Price £105 street
Volca Mix key features:
- Four-channel analogue mixer specifically for the Volca range
- 2 mono, 1 stereo (mono from keys, bass, beats, kick; stereo from sample and FM)
- Channel controls include Lo/Hi Cut, Send Level, Mute, Volume (to boost +6dB gain)
- Master effects Analog Stereo Width Expander (Width), Analog Dynamic Range
- Compressor (Dynamics, Speed) includes AC adaptor, DC-DC cable x3, audio cable x3
- Dimensions 193 x 115 x 45mm
- Weight 350g
I’ve had the pleasure of looking at and tinkering with a lot of Korg’s Volcas over the last few years, but Volca Mix is not another all-singing, all-dancing, specially themed box like the rest. Those of you that know the Volca range – and there is a significant number of people who have bought into it – will love it for its small noise-making modules that are as distinctive from one another in terms of their sonic output as the range is from pretty much anything else out there.
The Volca range was introduced with the bass, beats and keys back in 2013, three plastic modules that were light in weight, but heavy on sonic analogue character, delivering bass, drums and lead sounds respectively. The range was added to with the impressive Kick, FM and Sample modules, the latter two being digital and offering FM synthesis and sampling. The best bit about all the units, though, is that you pay little more than £115 a pop and they are all very groovy indeed. With that price though, there would inevitably be compromises and a lack of power supply was one. This is just one shortcoming that Volca Mix aims to iron out.
Mixing the planet Volca
Volca Mix does have a power supply – indeed, it doesn’t do batteries, so needs one – and can power up to three Volcas via its DC output connectors. It also, you may not be surprised to learn, acts as a mixer for said Volcas with a couple of mono ins and one stereo; Volca mix uses mini-jacks, so simply connect with a mini cable from the headphone out of your connected Volcas. On each channel, you get volume faders, mute buttons and a Lo/Hi Cut filter giving you a useful EQ, although maybe not the dramatic filtering you might be expecting.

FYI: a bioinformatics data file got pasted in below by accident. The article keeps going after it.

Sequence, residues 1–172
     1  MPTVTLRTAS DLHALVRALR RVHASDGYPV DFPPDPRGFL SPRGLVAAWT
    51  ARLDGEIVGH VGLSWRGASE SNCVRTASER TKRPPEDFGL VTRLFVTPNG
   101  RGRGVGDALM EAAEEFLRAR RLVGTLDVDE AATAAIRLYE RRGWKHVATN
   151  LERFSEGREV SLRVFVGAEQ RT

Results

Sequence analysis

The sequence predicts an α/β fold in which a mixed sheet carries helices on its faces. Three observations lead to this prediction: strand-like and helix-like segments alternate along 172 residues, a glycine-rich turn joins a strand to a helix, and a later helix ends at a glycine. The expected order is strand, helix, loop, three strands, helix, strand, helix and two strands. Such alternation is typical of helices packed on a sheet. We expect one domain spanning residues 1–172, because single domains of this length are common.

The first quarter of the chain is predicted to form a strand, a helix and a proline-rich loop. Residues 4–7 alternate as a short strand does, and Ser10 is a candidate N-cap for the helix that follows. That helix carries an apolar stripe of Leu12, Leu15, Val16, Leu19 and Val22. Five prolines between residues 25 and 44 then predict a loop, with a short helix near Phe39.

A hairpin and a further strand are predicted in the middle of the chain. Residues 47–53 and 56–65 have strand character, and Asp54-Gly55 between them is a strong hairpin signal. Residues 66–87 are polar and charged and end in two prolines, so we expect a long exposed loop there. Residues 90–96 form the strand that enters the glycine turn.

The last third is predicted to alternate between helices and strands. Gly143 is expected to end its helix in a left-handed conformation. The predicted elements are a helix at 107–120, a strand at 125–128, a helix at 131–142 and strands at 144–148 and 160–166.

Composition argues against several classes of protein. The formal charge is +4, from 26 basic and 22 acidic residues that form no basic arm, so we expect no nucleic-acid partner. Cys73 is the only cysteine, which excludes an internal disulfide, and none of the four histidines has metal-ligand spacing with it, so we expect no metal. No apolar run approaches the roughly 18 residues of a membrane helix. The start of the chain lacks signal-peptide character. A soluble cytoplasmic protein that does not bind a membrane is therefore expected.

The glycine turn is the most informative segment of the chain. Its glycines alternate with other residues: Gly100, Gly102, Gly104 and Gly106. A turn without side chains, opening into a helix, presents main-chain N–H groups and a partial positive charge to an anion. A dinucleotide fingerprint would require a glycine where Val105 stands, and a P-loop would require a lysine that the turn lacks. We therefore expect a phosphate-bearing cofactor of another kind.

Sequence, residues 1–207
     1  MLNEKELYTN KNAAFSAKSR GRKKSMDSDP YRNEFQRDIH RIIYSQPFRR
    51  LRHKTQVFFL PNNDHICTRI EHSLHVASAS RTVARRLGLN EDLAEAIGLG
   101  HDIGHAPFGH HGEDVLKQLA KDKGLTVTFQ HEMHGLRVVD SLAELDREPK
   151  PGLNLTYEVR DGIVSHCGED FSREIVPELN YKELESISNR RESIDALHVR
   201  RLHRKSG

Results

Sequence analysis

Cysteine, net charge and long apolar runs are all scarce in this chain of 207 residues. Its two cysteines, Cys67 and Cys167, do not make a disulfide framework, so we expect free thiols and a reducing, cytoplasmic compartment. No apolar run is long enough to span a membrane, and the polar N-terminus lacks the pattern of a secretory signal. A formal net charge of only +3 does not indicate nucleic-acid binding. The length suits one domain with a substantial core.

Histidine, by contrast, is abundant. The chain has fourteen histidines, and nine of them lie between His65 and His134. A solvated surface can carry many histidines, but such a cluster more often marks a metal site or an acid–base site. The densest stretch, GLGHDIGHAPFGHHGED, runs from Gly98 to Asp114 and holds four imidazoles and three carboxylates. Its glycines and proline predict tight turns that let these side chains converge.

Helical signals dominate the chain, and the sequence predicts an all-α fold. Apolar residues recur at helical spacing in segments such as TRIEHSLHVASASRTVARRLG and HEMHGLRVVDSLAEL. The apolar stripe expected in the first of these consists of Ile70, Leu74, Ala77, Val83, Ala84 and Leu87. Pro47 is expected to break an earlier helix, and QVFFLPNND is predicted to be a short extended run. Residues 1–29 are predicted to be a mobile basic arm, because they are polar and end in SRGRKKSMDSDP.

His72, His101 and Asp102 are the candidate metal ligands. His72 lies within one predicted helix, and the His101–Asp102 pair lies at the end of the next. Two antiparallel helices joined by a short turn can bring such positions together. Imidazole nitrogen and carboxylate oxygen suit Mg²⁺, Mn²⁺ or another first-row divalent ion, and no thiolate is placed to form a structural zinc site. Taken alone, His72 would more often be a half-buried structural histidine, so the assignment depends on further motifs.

There are RCA stereo line outs tied to a master volume control with LED VU meter plus a headphone out. You get built-in speakers, which Korg claims “deliver SPL levels that are even greater than the built-in speakers on previous units”, although, like those, these don’t really do the unit that much justice and really, what you should do is connect it up to your own external monitors.
Other features include master effects (mono expander, compressor, sidechain) and a sync out so you can sync those three Volcas in time using Mix as the master. This offers some interesting live scenarios and, with the Volca range always having the potential to slot into a modular-synth environment, Mix will definitely help here. However, with no sync in, it won’t slave to your DAW and with no MIDI connections there is no other backstop solution (sorry, Brexit haters).
Volca fans will love the price (a shade over £100, street) and if they have live ambitions, Mix could well be what they’ve been waiting for. It’s a shame there aren’t one or two additions that could have made Mix more of an integral solution within a wider setup – heck, I think we wouldn’t have even minded paying for them.
However, just for the extra power functionality, Mix could be the Volca – albeit the quietest of the bunch – that fans have been waiting for.
Allen & Heath
ZED Series £99 (for the 6, £249 for 10FX)
We’ll get one thing straight, there is no direct alternative to Volca Mix, but there are plenty of compact mixers about. The ZED series offers lots of connectivity options and pro features for a variety of mixing tasks.
AG Series £105 (06)
This series of mixers is compact, rugged and aimed at everyone from podcasters to proper singer-songwriters. You could even plug your Volcas in (the 06 would be good for that) and they also feel ‘pro’ for not (much) money.